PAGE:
HRT is a safe and effective treatment for most going through menopause and perimenopause. Your GP will discuss any risks with you.
HRT involves using oestrogen to replace your body's own levels around the time of the menopause.
There are different types and doses of HRT. Using the right dose and type usually means your symptoms improve.
Oestrogen comes as:
- skin patches
- a gel or spray to put on the skin
If you have a womb (uterus) you also need to take progesterone to protect your womb lining from the effects of oestrogen. Taking oestrogen and progesterone is called combined HRT.
Progesterone comes as:
- patches, as part of a combined patch with oestrogen
- IUS (intrauterine system, or coil)
If you have low sex drive because of menopause and HRT does not improve it, you may be offered testosterone.
What are the benefits of HRT?
The main benefit of HRT is that it can help relieve most menopause and perimenopause symptoms, including hot flushes, brain fog, joint pains, mood swings and vaginal dryness.
Hot flushes or night sweats often improve within a few weeks. Other symptoms like mood changes and vaginal dryness can take a few months to improve.
Taking HRT can also reduce your risk of hormone-related health problems including osteoporosis and heart disease.
Complementary and alternative therapies
Complementary and alternative treatments, such as herbal remedies and compounded bioidentical ("natural") hormones, are not recommended for symptoms of the menopause or perimenopause.
This is because it's not clear how safe and effective they are.
Red clover and black cohosh are herbal remedies but there is no strong evidence that they work.
Some complementary and alternative therapies can also interact with other medicines and cause side effects.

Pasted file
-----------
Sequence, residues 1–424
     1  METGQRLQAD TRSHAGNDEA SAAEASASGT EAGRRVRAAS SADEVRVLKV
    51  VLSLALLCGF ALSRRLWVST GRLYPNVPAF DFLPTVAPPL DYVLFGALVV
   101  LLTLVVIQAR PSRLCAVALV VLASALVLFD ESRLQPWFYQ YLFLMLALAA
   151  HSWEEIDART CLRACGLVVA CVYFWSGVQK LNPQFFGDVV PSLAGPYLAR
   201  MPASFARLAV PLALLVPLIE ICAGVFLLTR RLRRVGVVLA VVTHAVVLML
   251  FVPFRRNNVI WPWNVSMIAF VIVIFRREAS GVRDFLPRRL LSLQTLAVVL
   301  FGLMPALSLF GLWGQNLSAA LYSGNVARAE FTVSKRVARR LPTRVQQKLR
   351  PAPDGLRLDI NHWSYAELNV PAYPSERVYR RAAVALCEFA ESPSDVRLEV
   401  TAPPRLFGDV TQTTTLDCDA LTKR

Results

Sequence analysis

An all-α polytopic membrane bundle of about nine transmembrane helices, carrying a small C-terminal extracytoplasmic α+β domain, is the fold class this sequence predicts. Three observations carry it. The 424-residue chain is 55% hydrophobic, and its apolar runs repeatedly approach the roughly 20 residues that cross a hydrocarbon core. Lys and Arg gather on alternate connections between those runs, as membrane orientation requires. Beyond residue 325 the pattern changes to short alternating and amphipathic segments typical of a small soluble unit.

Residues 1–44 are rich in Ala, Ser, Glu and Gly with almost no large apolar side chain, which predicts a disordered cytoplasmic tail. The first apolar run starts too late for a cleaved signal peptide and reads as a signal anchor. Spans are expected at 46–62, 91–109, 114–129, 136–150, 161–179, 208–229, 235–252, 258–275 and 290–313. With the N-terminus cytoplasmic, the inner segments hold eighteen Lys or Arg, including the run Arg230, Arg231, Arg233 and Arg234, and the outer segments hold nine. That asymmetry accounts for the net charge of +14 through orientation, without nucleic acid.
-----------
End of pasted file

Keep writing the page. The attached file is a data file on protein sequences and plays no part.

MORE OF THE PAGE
Ask your GP or pharmacist for advice if you're thinking about using a complementary therapy.
Non hormone treatments
There are non-hormone treatments if your symptoms are having a big impact on your life and you cannot, or choose not to, have HRT.
Hot flushes and night sweats
There are some medicines that can help with hot flushes and night sweats.
- a blood pressure medicine called Clonidine
- an epilepsy medicine called Gabapentin
Talk with a GP about these medicines and their side effects, and if they might be suitable for you.
Antidepressants can help with mood symptoms if you've been diagnosed with depression or anxiety.
Cognitive behavioural therapy (CBT)
Cognitive behavioural therapy (CBT) is a talking therapy which can help with:
- low mood and anxiety caused by menopause and perimenopause
- some physical symptoms like hot flushes and joint pain
You can get NHS talking therapy without going to a GP first.
What can I do to look after my mental health?
Eating healthy, balanced meals and snacks regularly will help keep your blood sugar stable.
Make sure you aren’t drinking too much alcohol and avoid caffeine if you find it makes you anxious, affects your sleep or triggers your hot flushes.
You should aim for 7-8 hours of sleep each night. If you suffer from hot flushes in the night or night sweats, then you should sleep naked or wear cotton nightclothes. Consider investing in a cold gel pack or cooling pillow.
Avoid hot drinks before bed and take sips of cold water instead.
Ensure your bedroom is comfortably cool. Keep the window slightly open and/or a fan near your bed. Switch off electronic devices/screens at least one hour before bed and/or consider wearing blue-light blocking glasses in the evening. Avoid alcohol before bed; not only does it reduce good-quality sleep, it is an endocrine (hormone) disrupter and can affect the efficacy of medication, including HRT.
Get some exercise if you can, as it will lift your mood.
Try activities like yoga, Pilates or walking to help you to de-stress.
Try to do things that you find relaxing, like reading, going for a walk or practising mindfulness.